SALEM — State policy makers are keeping their eyes pointed toward Washington, hoping the administration of President Barack Obama and Congress can swiftly provide aid for the state's slumping economy.

SALEM — State policy makers are keeping their eyes pointed toward Washington, hoping the administration of President Barack Obama and Congress can swiftly provide aid for the state's slumping economy.

Obama says his top priority now that he's sitting behind the desk at 1600 Pennsylvania Avenue will be the passage of what could turn out to be a $1 trillion stimulus package. Between $400 million and $1 billion of the stimulus package that is expected to pass through Congress next month is earmarked for transportation projects and infrastructure improvements in Oregon.

A second federal stimulus package in the works would provide money to help sustain government programs — such as food stamps and the Oregon Health Plan — that are being swamped with more requests than they can accommodate as layoffs continue, businesses are shuttered and families lose their homes.

Yet another stimulus, a state project, would provide $120 million to improve government buildings around the state.

The most crucial of the stimulus projects, according to an e-mail sent by Gov. Ted Kulongoski's office, is the federal works project, which would allocate money to Oregon schools that could keep the state's education system afloat through the remainder of the school year.

Schools around the state are faced with the possibility of layoffs or reducing programs and school days.

"The bill moving in the House of Representatives would help Oregon in several ways from human services to education, economic development and public works projects," said Rem Nivens, a spokesman for Kulongoski. "Oregon stands ready to put those dollars to use."

As the bill is written, Nivens said, Oregon would not receive money for education until next year.

"The state needs those dollars for this school year," Nivens said. "The governor has alerted members of the Oregon delegation about the timing issue, and his staff in D.C. has been working to emphasize the critical nature of making some of the education dollars available by June 30."

While education tops the governor's priority list, other members of the Southern Oregon delegation are concerned about the sluggish economy.

Sen. Alan Bates, D-Ashland, said in a phone interview that stimulus funds would be used to put local contractors to work fixing the aged and leaky roofs at Southern Oregon University and other state buildings.

"These are all issues that we know are there," Bates said. "This is a perfect time to rebuild our infrastructure so when we come out of this recession we'll be ready to get America up and running."

Bates said the state needs help sustaining its human services, but is unsure what kind of help or how much of an impact federal aid might provide. Oregon could receive as little as $400 million or as much as $800 million over about two years, he said.

"The problem for us is when state government demands go up, that's when they come for state help," Bates said. "Our revenues for the state go the opposite direction; they go down. Four-hundred million (dollars) doesn't do it for us or any other state."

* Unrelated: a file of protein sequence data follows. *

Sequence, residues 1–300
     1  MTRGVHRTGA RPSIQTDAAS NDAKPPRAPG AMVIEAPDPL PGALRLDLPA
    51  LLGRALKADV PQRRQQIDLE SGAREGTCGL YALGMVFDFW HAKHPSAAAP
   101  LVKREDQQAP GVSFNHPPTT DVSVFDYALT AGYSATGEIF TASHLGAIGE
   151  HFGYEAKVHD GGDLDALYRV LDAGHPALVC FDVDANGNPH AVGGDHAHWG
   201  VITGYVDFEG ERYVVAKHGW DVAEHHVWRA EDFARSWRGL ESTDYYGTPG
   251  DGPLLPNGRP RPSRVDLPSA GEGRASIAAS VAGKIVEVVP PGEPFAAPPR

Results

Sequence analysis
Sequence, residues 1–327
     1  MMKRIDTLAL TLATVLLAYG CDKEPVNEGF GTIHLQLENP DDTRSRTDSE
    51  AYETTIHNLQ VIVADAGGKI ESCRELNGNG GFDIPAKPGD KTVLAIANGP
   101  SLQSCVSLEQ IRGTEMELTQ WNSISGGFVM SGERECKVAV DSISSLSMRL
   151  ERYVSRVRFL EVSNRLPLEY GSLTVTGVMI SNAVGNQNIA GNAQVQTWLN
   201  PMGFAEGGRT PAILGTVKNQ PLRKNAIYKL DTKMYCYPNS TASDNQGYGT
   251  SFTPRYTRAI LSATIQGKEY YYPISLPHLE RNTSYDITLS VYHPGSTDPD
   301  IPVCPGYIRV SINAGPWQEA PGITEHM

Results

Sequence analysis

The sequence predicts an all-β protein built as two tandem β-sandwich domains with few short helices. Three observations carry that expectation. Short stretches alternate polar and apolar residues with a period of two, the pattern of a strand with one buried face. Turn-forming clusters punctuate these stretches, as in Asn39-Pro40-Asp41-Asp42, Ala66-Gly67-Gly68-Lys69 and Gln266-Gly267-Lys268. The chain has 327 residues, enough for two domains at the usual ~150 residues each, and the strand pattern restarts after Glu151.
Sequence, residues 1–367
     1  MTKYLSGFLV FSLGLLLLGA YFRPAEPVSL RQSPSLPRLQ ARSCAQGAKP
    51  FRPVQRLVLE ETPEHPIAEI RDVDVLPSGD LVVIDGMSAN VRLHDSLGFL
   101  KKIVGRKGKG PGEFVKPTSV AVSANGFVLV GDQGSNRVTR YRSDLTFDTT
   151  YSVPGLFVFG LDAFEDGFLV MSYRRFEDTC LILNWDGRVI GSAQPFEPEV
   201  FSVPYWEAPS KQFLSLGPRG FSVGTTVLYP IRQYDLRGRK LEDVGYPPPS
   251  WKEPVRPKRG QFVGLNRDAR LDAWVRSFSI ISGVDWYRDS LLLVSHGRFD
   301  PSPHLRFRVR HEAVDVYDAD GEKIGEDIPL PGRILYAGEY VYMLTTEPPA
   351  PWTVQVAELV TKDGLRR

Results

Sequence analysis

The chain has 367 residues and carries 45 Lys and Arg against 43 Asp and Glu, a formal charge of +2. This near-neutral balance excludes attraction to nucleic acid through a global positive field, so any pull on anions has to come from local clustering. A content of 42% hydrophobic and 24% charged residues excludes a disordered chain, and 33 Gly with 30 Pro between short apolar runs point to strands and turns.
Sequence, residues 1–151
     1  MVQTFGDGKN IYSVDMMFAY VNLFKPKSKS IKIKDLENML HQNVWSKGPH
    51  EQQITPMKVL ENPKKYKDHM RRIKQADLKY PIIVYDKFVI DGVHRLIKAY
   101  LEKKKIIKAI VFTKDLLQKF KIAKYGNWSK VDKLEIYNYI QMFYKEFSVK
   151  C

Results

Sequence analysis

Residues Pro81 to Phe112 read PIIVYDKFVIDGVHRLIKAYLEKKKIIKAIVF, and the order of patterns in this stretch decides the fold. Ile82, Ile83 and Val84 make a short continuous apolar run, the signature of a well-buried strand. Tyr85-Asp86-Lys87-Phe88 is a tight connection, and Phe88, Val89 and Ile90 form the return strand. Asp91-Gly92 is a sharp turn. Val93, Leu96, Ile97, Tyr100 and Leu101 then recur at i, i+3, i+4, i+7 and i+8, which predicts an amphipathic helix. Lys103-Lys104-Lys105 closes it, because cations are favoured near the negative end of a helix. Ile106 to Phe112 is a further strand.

Support for federal stimulus to fund infrastructure improvements reaches across the aisle.

"The Oregon Department of Transportation has a list of projects that could be implemented immediately," said Rep. George Gilman, R-Medford, the vice chair of the House Transportation Committee. "The creation of jobs is the main reason for the stimulus package — we don't want to wait a year or two to get the project on the ground."

Gilman added that federal stimulus could help expedite a move to alternative energy sources.

Others, however, are skeptical a stimulus package is the answer to providing lasting relief.

Rep. Dennis Richardson, R-Central Point, said borrowing money is not the answer to setting the economy on a sustainable new course.

"The stimulus program will be fun to spend on various projects but when that money is gone we will find ourselves in the same position, except we'll be in much greater debt," Richardson said.

In short-term recessions, Richardson said, injecting money into the economy would be a viable method for kick-starting the economy. National economics experts say it could take up to two years for the economy to start to improve.

"Through credit, we have tried to resolve a problem that has credit at its base," Richardson said. "This plan of paying to keep business afloat is government intervention at its worst." He said a better approach would be to give the market time to adjust.

"Businesses that have flawed leadership and flawed business plans go out of business and new businesses replace them," Richardson said.

The governor's office and other local legislators aren't focused on what built the stormy economic conditions, but on finding a way to ride out the stormy days.

"These engineering and construction jobs will help the state chip away at the backlog of the deferred maintenance projects at our schools and will improve our transportation system," Nivens said. "These are long-term investments that will pay dividends for many years to come."

Bob Albrecht is a freelance writer living in Eugene.